back to article NSO Group bloke charged with $50m theft of government malware

A former worker at NSO Group – the Israeli biz infamous for selling zero-day exploits to governments nice and nasty – has been charged with stealing his employer's spyware, and trying to sell it for $50m on the black market. The 38-year-old former bod was reportedly told he was going to be fired by his bosses at NSO, and …

  1. onefang

    "The accused committed these crimes out of greed, despite knowing, even if he shut his eyes from seeing it, that his crimes might damage state security and lead to the collapse of a firm employing 500 workers,"

    And that's our job, dammit!

  2. Blockchain commentard

    And have NSO Group changed their firing policies so when they fire someone they show them the door straight away? I mean, that's IT Security 101.

  3. MiguelC Silver badge

    Charged with alleged theft?

    It's been alleged that he committed theft and he's been charged with theft, but there's no crime called "alleged theft"

    You might even allege that the alleged employee has now been allegedly charged with alleged theft. Allegedly.

  4. Nick Kew

    Should've released it all for the public

    Ideally open source where applicable.

    Wouldn't have been a big payday, but AIUI Snowden-in-exile has at least a job?

  5. JassMan

    Worth $90m - I think not

    Israel's State Attorney's Office claims he took software nasties and vulnerability information worth an estimated $90m and tried to sell it on the dark web for $50m in crypto-currencies.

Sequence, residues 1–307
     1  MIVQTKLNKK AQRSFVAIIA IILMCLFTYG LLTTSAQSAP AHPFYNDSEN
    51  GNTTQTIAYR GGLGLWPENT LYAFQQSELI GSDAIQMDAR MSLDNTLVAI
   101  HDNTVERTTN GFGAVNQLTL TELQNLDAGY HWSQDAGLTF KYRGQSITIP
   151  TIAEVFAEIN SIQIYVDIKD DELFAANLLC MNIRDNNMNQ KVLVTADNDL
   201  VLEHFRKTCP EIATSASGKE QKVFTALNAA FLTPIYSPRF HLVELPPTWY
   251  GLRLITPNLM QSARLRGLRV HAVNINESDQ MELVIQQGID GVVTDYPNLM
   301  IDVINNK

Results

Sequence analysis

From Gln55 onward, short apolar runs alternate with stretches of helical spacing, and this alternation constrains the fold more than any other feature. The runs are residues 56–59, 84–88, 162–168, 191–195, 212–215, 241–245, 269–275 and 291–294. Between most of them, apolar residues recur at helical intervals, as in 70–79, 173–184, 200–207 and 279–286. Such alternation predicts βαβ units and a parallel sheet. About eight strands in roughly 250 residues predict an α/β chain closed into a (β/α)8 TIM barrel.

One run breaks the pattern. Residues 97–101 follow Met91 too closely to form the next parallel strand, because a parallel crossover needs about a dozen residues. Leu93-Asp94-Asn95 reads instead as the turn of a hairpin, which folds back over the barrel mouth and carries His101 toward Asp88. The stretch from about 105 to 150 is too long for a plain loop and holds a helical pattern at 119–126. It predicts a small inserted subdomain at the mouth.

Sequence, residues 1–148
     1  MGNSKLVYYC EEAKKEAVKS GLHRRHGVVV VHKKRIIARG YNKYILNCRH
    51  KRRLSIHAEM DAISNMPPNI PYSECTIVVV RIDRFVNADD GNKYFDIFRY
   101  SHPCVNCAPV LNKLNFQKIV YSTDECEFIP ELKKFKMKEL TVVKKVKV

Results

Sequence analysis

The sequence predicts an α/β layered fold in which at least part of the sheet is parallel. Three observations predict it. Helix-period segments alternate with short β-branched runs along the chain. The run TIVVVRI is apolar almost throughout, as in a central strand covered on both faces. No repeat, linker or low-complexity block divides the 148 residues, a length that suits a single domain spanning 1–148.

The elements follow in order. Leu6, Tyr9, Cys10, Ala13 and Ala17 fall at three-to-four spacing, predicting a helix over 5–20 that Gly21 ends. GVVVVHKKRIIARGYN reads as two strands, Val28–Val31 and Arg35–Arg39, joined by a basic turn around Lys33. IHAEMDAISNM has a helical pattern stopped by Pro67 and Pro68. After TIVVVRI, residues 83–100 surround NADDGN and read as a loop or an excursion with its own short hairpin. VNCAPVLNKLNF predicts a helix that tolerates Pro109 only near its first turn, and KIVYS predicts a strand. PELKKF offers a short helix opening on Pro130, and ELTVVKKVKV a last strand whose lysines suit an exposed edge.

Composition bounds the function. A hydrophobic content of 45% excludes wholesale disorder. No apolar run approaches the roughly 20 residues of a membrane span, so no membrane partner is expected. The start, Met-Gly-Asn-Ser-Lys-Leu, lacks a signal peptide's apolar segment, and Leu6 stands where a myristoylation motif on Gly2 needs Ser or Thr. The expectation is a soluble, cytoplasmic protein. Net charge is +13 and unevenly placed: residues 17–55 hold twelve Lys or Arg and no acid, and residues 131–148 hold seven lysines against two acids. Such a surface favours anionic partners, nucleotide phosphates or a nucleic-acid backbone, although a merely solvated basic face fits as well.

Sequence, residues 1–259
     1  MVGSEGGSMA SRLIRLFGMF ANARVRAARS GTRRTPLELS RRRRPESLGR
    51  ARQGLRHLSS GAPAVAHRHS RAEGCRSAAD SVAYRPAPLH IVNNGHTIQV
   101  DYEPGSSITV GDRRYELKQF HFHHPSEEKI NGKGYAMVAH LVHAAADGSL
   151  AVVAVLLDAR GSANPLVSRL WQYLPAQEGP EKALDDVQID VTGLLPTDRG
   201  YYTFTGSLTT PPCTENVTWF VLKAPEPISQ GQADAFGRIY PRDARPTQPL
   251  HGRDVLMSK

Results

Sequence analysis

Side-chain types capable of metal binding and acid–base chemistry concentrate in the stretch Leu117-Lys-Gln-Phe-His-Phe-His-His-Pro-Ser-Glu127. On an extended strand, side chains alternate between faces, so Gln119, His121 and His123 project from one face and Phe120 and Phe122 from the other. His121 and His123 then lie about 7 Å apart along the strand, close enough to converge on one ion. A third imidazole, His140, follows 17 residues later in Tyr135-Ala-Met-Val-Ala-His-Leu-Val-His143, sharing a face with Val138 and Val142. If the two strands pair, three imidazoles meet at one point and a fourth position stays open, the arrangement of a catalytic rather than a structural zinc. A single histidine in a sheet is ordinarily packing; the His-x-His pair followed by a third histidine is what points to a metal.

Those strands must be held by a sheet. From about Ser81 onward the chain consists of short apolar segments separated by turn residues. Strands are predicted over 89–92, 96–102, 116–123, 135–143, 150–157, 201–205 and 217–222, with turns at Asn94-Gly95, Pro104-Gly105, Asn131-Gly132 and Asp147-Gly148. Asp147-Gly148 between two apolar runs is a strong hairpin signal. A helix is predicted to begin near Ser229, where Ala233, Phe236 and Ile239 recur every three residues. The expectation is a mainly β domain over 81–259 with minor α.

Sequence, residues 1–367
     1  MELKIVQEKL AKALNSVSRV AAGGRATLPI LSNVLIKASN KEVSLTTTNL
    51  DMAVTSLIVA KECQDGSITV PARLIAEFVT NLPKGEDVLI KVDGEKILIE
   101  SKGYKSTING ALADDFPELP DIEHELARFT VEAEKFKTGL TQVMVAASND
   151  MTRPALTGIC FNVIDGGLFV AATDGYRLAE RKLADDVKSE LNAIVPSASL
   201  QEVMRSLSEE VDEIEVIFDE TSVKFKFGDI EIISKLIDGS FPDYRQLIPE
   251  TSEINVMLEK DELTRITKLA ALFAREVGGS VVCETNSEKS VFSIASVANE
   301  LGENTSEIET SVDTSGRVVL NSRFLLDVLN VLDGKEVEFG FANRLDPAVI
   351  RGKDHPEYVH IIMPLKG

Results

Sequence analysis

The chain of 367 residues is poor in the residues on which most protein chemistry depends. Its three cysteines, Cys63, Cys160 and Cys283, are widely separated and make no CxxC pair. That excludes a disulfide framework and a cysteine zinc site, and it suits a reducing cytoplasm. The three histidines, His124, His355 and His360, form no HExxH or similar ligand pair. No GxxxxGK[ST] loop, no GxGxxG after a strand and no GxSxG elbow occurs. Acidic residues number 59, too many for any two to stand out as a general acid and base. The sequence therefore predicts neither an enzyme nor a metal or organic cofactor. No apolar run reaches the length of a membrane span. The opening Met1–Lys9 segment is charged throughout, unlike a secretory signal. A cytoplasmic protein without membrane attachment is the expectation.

This exploited what were zero-day holes in iOS and OS X, until the code was identified by Canadian non-profit Citizen Lab and the flaws fixed by Apple

    Unless they were planning on using the software to rip-off private citizens, I think their claim of its value is highly inflated. If it was to fight a cyber war, it has no value at all since everyone loses in a war - some just moe than others.

    I any case, now Apple had fixed it, it is effectively valueless. Their only case against him is trying to make money from their own illegal activities.

  6. Sproggit

    If you run a company that found ways to defeat, say the encryption on a DVD or BluRay, you will be prosecuted by music and movie studios and bankrupted.

    If you run a company that finds ways to defeat the security and integrity of computer operating systems, including the way that those systems protect encryption systems, you can make a lot of money from selling your exploits around the world to the highest bidder.

    And governments wonder why the general public doesn't trust them.

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